Soybean farmers intend to serve as an example to others. By continuing their work safely, sustainably and effectively, soybean farmers will be an example to others of how to stick to doing what they do best, even in the most trying times. Looking ahead, we are optimistic for what’s on the horizon. While our soybean farmers are doing their job of providing a sustainable and high-quality product, U.S. Soy is working tirelessly to provide stability by building demand and expanding global market access for U.S. soybean products. Amidst the pandemic, USSEC will continue to connect global customers near and far. Having virtual meetings like the African Trade Exchange is a part of our plans to connect and highlight how the U.S. is a consistent trade partner with cutting-edge sustainability initiatives, and defined quality advantages.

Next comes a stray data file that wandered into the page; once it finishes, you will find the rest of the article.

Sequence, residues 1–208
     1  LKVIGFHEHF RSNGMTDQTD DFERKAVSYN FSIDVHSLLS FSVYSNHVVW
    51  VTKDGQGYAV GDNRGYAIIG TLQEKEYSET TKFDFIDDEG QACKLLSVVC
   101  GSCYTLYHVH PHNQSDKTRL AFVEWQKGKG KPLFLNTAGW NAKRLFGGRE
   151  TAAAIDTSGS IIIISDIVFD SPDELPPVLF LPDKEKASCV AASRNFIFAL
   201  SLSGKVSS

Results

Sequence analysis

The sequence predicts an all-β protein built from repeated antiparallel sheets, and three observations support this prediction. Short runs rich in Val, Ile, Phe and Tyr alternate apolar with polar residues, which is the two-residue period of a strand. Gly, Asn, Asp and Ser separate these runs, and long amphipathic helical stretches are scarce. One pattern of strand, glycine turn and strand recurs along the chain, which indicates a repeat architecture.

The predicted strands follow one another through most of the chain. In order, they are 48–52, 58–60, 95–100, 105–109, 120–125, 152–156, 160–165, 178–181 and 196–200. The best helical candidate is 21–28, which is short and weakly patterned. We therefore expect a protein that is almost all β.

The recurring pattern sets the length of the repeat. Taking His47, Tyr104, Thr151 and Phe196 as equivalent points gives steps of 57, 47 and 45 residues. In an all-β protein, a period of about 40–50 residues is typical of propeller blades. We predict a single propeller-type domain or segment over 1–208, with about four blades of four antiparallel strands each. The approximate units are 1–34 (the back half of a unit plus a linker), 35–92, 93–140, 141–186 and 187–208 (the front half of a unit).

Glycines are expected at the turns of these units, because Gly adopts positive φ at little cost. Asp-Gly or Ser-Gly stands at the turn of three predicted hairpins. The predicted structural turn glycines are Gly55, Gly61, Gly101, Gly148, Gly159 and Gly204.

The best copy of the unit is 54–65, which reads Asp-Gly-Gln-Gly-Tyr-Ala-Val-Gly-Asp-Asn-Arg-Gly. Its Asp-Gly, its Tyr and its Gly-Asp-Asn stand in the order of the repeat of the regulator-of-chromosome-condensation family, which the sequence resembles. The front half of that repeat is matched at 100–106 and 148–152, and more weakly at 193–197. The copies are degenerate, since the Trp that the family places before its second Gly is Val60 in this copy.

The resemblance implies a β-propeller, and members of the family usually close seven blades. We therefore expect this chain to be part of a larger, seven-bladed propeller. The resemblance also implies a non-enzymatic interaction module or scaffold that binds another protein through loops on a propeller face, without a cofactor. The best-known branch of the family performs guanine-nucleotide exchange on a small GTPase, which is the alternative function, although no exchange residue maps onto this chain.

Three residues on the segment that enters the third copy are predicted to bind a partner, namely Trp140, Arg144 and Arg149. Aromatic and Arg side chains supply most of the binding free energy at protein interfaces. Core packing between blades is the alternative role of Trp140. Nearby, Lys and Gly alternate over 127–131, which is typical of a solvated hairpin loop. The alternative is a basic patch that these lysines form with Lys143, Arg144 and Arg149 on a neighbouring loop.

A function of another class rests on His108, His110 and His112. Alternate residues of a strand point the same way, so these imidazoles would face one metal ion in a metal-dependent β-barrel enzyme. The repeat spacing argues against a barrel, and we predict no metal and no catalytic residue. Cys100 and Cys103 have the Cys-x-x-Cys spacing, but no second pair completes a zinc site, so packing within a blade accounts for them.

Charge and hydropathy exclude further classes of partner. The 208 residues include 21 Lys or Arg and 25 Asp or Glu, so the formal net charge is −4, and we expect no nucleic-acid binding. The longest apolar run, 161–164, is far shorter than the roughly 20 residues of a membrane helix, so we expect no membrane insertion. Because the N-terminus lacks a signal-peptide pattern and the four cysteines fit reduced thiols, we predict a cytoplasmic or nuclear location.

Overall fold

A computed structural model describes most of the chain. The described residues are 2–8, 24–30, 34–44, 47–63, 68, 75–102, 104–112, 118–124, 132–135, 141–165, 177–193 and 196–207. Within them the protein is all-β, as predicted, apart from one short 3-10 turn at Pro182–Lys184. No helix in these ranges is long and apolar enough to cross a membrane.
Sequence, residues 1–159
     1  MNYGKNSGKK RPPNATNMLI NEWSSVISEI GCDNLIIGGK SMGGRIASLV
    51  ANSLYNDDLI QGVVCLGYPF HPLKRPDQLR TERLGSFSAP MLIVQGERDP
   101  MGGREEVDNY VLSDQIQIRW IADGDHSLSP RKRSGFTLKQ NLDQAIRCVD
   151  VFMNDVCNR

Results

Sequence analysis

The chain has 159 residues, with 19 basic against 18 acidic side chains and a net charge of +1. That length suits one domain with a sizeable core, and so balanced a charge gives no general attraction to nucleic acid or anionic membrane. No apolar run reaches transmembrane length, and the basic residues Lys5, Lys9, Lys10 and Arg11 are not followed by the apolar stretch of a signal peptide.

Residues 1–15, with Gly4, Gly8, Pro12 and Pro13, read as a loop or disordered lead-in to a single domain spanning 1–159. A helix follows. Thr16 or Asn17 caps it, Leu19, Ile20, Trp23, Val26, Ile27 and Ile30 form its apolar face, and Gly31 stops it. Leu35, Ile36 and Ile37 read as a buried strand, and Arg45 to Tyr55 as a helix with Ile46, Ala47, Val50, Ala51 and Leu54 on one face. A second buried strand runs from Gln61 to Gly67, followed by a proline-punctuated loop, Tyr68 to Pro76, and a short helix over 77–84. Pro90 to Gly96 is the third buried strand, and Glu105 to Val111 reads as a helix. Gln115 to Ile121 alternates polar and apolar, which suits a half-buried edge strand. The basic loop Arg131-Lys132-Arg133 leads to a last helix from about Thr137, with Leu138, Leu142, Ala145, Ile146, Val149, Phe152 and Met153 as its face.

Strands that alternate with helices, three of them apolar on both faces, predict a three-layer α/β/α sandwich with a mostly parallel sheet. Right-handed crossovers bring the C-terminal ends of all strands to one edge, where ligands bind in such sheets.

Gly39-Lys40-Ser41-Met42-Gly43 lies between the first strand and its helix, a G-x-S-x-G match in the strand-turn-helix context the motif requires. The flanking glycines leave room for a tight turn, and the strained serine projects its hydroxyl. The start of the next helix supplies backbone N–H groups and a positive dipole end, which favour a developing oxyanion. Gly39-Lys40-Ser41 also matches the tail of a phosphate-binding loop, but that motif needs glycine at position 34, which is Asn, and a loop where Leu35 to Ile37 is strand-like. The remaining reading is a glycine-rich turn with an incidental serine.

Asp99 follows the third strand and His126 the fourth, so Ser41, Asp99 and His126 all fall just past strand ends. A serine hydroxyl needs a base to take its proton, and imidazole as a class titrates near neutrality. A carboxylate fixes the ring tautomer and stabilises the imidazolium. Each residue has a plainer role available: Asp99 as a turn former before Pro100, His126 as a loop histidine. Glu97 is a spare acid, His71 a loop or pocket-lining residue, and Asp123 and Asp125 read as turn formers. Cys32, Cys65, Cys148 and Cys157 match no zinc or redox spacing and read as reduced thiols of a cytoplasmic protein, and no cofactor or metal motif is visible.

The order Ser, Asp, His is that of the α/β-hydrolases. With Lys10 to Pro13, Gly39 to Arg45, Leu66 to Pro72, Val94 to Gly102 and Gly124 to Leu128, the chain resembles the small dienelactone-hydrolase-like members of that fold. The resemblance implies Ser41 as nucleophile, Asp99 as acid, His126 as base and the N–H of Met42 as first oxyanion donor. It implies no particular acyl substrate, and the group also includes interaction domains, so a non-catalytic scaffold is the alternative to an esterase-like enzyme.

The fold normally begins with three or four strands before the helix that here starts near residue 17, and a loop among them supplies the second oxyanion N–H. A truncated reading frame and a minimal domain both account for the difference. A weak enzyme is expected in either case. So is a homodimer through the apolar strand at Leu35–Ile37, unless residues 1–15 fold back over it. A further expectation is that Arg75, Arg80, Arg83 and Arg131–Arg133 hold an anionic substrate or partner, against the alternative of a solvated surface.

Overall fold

With virtual formats, we can continue to provide our African partners to quality content, interactive sessions and valuable experiences. While in-person meetings and face-to-face conversations will always serve an important purpose, our increased use of technology and virtual events have allowed us to build and grow relationships.
How can technology and innovation drive the soybean value chain in Nigeria and how is USSEC supporting the soy value chain in Nigeria?